Temporal and latitudinal trends of p,p′‐DDE in eggs and carcasses of North American birds from 1980 to 2005
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The use of 1,1,1-trichloro-2,2-bis(p-chlorophenyl) ethane (DDT) in agriculture in the United States and Canada was prohibited in the early 1970s; however, it continued to be used restrictively in Mexico until 2000. Forty years later, 1,1-dichloro-2,2-bis(p-chlorophenyl) ethylene (p,p'-DDE), continues to be detected in eggs and bird carcasses in North America. The use of DDE has been associated with reproductive failure of several avian species, primarily through eggshell thinning. To assess the temporal and latitudinal distribution of p,p'-DDE in North America, the authors examined DDE concentrations reported in bird tissues in the scientific literature published between 1980 and 2009. Overall, the majority of supported models suggested that DDE concentrations in birds were greater in the upper mid-latitudes (38°-48°) than in other parts of North America. However, spatial trends of DDE seemed to be influenced by regions with large amounts of data, such as the Great Lakes area. Concentrations of p,p'-DDE in eggs averaged 2.5 μg/g, 3.2 μg/g, and 29.5 μg/g wet weight in 1980 and decreased to 1.64 μg/g, 0.87 μg/g, and 1.01 μg/g wet weight by the mid-2000s for the central, eastern, and western North America regions, respectively. The results indicate that, over time, all DDE residues observed in birds have decreased significantly in North America. Environ Toxicol Chem 2016;35:1340-1348. © 2016 SETAC.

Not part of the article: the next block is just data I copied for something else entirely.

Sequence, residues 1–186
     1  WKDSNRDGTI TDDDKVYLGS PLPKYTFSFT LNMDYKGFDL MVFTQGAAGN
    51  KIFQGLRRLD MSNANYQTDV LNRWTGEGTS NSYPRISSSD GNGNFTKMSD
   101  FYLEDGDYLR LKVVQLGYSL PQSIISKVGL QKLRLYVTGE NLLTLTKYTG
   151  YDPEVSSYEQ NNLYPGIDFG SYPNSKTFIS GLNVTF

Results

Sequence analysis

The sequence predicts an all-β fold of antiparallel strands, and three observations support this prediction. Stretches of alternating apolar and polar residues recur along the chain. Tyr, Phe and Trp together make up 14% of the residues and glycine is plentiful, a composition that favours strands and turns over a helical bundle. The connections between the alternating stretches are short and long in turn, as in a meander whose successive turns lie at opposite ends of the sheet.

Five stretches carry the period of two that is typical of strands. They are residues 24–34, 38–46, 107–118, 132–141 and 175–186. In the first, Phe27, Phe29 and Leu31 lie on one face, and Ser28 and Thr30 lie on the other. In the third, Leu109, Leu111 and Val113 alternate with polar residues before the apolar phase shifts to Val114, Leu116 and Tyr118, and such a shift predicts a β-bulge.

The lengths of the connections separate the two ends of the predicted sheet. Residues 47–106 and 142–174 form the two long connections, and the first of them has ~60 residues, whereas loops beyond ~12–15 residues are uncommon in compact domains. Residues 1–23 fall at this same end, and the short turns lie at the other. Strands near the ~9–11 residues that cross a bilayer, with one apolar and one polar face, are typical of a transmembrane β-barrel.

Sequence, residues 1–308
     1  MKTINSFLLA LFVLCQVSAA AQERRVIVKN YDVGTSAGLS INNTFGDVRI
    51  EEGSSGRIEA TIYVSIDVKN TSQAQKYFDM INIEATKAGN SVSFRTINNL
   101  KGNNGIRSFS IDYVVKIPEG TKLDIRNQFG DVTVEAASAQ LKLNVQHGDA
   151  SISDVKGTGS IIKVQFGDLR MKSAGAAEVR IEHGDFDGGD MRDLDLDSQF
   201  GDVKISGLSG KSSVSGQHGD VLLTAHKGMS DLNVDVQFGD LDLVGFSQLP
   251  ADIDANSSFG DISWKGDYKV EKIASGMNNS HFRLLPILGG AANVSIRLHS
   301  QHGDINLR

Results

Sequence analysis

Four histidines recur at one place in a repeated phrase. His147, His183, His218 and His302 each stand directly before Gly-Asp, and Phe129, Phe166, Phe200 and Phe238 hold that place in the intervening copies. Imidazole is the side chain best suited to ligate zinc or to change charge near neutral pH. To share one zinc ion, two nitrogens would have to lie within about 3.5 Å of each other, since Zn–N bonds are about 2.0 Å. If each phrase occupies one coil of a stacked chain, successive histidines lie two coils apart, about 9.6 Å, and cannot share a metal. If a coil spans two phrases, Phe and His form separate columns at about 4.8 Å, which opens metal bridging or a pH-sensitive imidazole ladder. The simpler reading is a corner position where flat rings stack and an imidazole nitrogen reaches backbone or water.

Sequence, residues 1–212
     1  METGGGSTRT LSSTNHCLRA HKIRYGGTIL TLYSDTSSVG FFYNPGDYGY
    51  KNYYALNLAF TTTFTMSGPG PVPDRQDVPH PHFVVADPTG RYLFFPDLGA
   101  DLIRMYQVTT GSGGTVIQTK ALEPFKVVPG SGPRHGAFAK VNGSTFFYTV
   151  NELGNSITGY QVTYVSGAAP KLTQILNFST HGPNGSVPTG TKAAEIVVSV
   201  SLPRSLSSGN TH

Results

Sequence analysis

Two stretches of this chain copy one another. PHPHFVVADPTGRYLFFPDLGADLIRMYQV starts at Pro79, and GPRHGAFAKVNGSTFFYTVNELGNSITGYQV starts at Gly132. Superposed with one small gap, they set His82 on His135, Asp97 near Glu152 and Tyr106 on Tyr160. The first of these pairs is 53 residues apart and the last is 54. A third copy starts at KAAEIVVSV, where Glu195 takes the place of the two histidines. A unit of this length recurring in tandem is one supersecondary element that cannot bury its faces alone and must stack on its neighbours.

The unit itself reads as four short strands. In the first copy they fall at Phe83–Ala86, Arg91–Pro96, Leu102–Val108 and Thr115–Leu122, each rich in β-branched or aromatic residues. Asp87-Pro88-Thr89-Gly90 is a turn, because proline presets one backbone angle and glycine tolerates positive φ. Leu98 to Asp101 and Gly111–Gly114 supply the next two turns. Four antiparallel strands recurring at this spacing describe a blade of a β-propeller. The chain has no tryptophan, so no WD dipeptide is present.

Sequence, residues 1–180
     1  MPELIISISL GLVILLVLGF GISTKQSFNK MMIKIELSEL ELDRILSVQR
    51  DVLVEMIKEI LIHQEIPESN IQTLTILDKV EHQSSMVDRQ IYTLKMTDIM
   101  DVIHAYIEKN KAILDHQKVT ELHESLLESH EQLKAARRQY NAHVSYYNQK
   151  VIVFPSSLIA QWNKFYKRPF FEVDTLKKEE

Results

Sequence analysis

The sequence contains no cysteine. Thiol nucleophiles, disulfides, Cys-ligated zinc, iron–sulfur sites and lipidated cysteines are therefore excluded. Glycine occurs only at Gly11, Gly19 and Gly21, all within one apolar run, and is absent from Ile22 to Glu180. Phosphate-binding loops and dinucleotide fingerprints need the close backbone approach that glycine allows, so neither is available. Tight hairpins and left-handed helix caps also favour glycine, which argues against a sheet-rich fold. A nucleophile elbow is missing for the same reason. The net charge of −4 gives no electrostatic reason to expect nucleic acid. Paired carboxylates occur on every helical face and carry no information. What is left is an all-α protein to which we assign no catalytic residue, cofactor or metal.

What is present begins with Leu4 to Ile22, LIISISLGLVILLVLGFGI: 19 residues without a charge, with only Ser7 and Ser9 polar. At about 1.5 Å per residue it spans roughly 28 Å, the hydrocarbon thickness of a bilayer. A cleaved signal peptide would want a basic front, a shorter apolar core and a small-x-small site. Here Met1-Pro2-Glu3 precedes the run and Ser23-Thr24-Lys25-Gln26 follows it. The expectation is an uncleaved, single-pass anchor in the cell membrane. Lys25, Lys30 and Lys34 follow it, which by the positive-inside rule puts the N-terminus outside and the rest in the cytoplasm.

author list (cited authors)
Mora, M. A., Durgin, B., Hudson, L. B., & Jones, E.